Naufragio (2010) – Pedro Aguilera


Pedro Aguilera really made something spectacular with La Influencia (2007). It is the story of a woman who gradually falls into a state of complete isolation. The problem is she has two kids to take care of. They end up taking care of themselves. What really impressed me was the way the world subtly shifts. We first see everything from the point of view of the mother, then the kids begin to color the reality we’ve been watching. Each world blends into each other. It is perfect, like watching the careful making of a painting.  It has a perfect ending too, which is almost non-existent in cinema.

Now this story, El Naufragio, is undoubtedly a step up in his register. It is not as perfect as La Influencia, but it is ambitious. It is deeply symbolic–a “dark” force moving amongst the shadows of white men, so it has the stuff of legends–yet, it is also in the tradition of character-based stories where we follow only one individual (Taxi Driver, Keane, Claire Dolan).

All borders are man-made. This individual travels throughout the land, guided by a voice, instructing him to complete a task: he must kill someone. He doesn’t know who yet, but he is confident he will find out.

So he arrives in a small town. He finds work at a steel mill. And the family that hosts him taunts him for being…different, and secretive. But he is resilient. He is connected to this voice he hears , and he engages in some kind of ritual with stones to channel its energy.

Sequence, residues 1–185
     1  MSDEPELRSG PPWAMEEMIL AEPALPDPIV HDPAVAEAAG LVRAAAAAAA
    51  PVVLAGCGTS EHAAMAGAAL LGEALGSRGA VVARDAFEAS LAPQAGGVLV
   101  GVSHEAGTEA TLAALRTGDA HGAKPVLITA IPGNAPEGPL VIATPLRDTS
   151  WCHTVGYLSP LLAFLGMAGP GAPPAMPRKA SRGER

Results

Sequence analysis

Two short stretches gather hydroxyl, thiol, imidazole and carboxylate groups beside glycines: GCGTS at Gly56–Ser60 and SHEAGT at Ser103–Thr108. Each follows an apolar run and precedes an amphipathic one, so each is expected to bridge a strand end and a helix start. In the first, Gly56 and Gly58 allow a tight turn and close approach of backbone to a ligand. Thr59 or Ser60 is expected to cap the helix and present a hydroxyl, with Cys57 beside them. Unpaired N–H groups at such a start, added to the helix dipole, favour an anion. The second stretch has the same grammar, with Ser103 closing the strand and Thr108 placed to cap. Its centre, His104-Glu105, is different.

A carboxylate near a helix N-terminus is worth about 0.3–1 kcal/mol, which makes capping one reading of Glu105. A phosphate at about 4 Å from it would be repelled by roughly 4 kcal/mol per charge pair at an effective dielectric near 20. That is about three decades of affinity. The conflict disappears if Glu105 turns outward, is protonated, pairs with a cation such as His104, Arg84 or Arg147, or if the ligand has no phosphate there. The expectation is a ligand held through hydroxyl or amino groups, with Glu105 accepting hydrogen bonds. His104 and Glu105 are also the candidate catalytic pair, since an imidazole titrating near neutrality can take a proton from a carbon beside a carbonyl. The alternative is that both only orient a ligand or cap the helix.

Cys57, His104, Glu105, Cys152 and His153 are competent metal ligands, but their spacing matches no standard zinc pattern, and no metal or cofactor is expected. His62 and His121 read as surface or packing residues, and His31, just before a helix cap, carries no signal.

The thing with movies about unseen entities, and the “spirit world” is that they have an inherent cinematic quality. It is like the wind which we do not see as it is, but only witness its effect.

The grammar is cool too. The compositions are varied. Some I have never seen before (a moving overhead shot following the slight movements of a character as he barely moves lying on his bed). And although they are inventive, their simplicity is apparent and integrated perfectly with the story. There is a low-budget feel which gives it added value instead of taking away from it. No unnecessary crane shots, instead simple lateral tracking shots, or the ever so effective long lens with panning as the character moves in the space.

Themes: the individual’s connection with the world of the dead, sense of purpose and cosmic fate, interruption in the transmission of information from a higher order, disorientation, grief, the animalistic within the human, and killing as survival instinct.



Categories: Notes

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